Pterocaulon serrulatum

Burmese rosewood


Pterocarpus indicus

Willd. 1802

pronounced: ter-oh-KAR-puss IN-dick-uss

(Fabaceae — the hibiscus family)

subfamily: Faboideae - the bean subfamily


common names: Burmese rosewood, New Guinea rosewood, narra

Pterocarpus is derived from the Greek πτερον (pteron), a wing, and καρπος (karpos), fruit, referring to the flat, winged pods characteristic of the genus; indicus is Latin, of India.

The tree is a native to south-east and east Asia, and to the northern and south-west Pacific region, and is now widely distributed throughout the tropics. The tree pictured has been planted on the Horseshoe Bay foreshore. There is another near the Early Childhood Centre in Nelly Bay, and one in the Enterprise car park near the ferry terminal in Townsville. There are several others in the Perfumed Garden in the Townsville city centre. When grown in the open, it can reach 25 – 35 m tall, with a broad canopy. It is well adapted to strong winds, and usually stands up well to cyclones. It is a very promising multipurpose tree species for the Pacific Islands, being suitable for reforestation, village wood-lots, living fencing, and as an amenity tree. It is in decline, endangered or extinct in much of its natural habitat due to excessive felling for timber.

The imparipinnate leaves are alternate, and the trees are either briefly fully deciduous, or evergreen in uniformly humid areas. The new flush of leaves is light green, turning a dark mid-green. Each leaf has 5 – 11 alternate ovate entire leaflets, each one about 6 – 12 cm by 3 – 7 cm, The terminal leaflet is the largest, with the lowest pair smallest. Flowering often begins before the new leaf flush, and continues through the leaf flush. It takes place in several short bursts, each lasting one or two days. The flowers, borne profusely in branched axillary racemes, are pea-shaped, bright yellow to orange yellow, about 1.5 cm long, and fragrant. The thin, papery winged indehiscent seed pods, borne in clusters, are disk-shaped, 5 or 6 cm in diameter, light green, turning dull brown when fully mature. Each pod is divided internally into 4 or 5 seed chambers, but only one or two usually contain developed seeds. Some of the pods fall, but many remain on the tree for some months. The bean-shaped seeds are flattened, 6 – 8 mm long, with a brittle leathery seed coat. Dispersal is mainly by wind, but the pods can float and be dispersed in this way by riverine populations. Where the soil under the tree is moist, as in the Townsville Perfumed Garden, the fallen seeds germinate very readily, and the resulting saplings can be a nuisance.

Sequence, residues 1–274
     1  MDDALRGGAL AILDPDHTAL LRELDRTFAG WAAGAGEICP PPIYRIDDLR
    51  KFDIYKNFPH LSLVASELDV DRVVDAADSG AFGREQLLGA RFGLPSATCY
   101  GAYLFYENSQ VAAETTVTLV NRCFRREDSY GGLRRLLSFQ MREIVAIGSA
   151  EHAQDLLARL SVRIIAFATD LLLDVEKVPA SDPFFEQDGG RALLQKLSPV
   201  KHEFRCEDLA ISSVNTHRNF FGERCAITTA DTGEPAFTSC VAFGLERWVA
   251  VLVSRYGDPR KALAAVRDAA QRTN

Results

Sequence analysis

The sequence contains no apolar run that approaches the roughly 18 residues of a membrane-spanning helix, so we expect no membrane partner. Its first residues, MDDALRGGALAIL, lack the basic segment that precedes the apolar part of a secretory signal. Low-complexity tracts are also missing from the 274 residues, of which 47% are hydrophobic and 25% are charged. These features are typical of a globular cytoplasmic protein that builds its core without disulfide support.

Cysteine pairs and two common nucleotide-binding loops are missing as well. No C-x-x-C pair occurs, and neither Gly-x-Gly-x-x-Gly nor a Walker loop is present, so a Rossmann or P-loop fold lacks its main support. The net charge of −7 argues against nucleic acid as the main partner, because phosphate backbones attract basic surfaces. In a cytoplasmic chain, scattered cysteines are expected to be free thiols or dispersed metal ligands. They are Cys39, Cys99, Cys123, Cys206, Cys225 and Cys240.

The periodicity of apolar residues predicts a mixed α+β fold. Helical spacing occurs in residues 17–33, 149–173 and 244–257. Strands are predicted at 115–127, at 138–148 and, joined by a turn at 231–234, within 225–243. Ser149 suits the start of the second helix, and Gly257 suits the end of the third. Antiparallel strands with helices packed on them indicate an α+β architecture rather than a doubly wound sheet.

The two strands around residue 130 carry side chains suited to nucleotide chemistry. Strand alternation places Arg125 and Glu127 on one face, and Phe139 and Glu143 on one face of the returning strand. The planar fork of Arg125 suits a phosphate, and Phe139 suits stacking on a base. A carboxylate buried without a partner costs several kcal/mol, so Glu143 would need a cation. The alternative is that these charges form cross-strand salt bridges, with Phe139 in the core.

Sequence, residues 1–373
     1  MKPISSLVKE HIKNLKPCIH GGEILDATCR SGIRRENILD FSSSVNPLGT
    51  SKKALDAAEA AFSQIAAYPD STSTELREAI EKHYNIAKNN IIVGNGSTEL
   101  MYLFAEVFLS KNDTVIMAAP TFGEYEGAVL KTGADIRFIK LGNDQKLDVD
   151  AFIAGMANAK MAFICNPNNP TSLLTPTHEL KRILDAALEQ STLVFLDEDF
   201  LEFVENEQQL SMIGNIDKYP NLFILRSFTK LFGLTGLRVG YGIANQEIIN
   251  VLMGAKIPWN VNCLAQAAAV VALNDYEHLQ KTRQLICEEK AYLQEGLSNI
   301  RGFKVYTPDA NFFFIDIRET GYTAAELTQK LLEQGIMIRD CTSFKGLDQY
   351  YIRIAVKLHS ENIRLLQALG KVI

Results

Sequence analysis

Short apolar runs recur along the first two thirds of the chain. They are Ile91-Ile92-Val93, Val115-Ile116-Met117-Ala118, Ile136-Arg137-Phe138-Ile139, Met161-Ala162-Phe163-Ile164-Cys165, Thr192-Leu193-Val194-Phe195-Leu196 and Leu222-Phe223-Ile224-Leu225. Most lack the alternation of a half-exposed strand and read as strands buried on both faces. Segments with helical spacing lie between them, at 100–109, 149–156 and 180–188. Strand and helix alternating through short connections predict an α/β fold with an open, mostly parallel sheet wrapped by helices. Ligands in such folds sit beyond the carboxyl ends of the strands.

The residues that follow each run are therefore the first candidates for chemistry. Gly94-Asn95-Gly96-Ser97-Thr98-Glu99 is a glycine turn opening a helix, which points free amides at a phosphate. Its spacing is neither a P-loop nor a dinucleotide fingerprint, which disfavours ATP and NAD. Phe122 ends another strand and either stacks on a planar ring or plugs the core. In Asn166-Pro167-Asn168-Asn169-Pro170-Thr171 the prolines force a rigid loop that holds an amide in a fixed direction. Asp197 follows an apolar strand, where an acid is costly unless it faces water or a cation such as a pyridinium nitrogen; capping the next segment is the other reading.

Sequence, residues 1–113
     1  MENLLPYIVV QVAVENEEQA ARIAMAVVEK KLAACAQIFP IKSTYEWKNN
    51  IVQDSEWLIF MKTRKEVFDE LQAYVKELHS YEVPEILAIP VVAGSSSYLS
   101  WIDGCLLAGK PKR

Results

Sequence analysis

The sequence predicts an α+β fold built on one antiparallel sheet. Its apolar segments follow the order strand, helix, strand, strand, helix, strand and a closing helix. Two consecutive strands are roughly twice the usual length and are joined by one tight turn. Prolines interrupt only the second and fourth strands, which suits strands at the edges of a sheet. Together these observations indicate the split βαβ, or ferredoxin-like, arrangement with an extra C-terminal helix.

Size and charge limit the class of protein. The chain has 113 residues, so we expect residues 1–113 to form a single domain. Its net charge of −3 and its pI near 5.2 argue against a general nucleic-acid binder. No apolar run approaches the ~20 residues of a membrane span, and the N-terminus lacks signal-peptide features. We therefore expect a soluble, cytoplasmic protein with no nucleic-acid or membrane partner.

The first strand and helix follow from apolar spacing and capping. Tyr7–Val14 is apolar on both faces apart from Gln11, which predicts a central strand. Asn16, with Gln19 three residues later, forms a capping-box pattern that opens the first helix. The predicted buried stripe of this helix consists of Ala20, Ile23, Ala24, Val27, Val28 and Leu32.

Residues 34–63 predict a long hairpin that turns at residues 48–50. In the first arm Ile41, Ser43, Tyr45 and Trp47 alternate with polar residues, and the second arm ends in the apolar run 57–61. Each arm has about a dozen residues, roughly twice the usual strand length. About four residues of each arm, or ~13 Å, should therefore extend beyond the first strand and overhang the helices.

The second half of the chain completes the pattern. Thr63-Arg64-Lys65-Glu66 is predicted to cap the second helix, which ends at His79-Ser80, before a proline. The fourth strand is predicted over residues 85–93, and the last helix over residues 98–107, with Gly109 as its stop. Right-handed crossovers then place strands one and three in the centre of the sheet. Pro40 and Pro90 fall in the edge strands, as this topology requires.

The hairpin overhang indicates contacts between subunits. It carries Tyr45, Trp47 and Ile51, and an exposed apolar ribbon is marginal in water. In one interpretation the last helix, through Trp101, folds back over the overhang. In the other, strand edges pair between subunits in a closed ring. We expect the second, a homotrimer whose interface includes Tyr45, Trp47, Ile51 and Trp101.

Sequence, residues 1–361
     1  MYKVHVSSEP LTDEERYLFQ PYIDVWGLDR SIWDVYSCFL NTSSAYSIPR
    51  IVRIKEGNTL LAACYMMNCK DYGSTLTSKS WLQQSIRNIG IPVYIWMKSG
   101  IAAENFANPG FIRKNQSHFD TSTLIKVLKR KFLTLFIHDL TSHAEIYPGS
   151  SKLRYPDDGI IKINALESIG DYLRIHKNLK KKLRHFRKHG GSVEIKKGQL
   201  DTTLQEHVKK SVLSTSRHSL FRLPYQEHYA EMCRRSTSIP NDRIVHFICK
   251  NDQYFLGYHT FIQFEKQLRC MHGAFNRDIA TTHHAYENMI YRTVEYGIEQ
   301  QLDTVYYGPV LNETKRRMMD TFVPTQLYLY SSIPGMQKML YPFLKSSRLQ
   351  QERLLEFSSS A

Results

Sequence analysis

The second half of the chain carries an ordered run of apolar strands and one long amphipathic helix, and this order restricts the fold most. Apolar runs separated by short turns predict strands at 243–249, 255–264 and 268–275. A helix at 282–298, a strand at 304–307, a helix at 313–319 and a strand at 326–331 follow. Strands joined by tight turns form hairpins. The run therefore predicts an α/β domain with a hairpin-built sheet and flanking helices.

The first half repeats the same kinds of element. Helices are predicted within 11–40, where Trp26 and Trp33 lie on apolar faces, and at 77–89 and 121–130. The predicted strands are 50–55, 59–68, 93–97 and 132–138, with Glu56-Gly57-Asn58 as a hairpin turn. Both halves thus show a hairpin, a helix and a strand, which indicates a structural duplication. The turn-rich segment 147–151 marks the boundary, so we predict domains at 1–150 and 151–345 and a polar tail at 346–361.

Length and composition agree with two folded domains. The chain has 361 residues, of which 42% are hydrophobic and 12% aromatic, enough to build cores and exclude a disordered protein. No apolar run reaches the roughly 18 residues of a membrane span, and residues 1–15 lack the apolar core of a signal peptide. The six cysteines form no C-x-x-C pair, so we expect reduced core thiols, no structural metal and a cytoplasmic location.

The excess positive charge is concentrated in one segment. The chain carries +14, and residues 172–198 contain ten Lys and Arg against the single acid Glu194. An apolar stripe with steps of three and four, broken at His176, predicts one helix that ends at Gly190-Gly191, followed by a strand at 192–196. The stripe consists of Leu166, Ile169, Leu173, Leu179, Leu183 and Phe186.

The flowers are visited by many bee species, including honeybees, and beekeepers find it an important source of nectar and pollen.

This tree produces rosewood, one of the world’s most highly prized cabinet timbers, called rosewood because it is rose-scented. It is highly decorative, easily cut and worked by saws, planes and other tools. It turns well, makes excellent veneer, and is highly sought after for craft work and furniture making. The heartwood is streaked, light yellowish brown to reddish brown. In Melanesia it is an important wood for canoes, paddles and outriggers, due to its durability in sea water, and its resistance to marine borers.
In Malaysia, resin from the tree is applied to mouth sores, and root juice to syphilis sores. In Java, young leaves are applied to boils, prickly heat and ulcers. There are many other medicinal uses, including the use of infusions of the wood, which are fluorescent, and herbal teas and pills made from various parts of the tree have in recent years become popular in the treatment of a wide range of diseases and ailments, including leprosy, menstrual pain, flu, rheumatoid arthritis and diabetes.


Information about medicinal qualities of plants, or about their use as medicines, is for interest only, and is not intended to be used as a guide for the treatment of medical conditions.


Photographs taken at Nelly Bay 2012, Horseshoe Bay 2015
Page last updated 22nd March 2019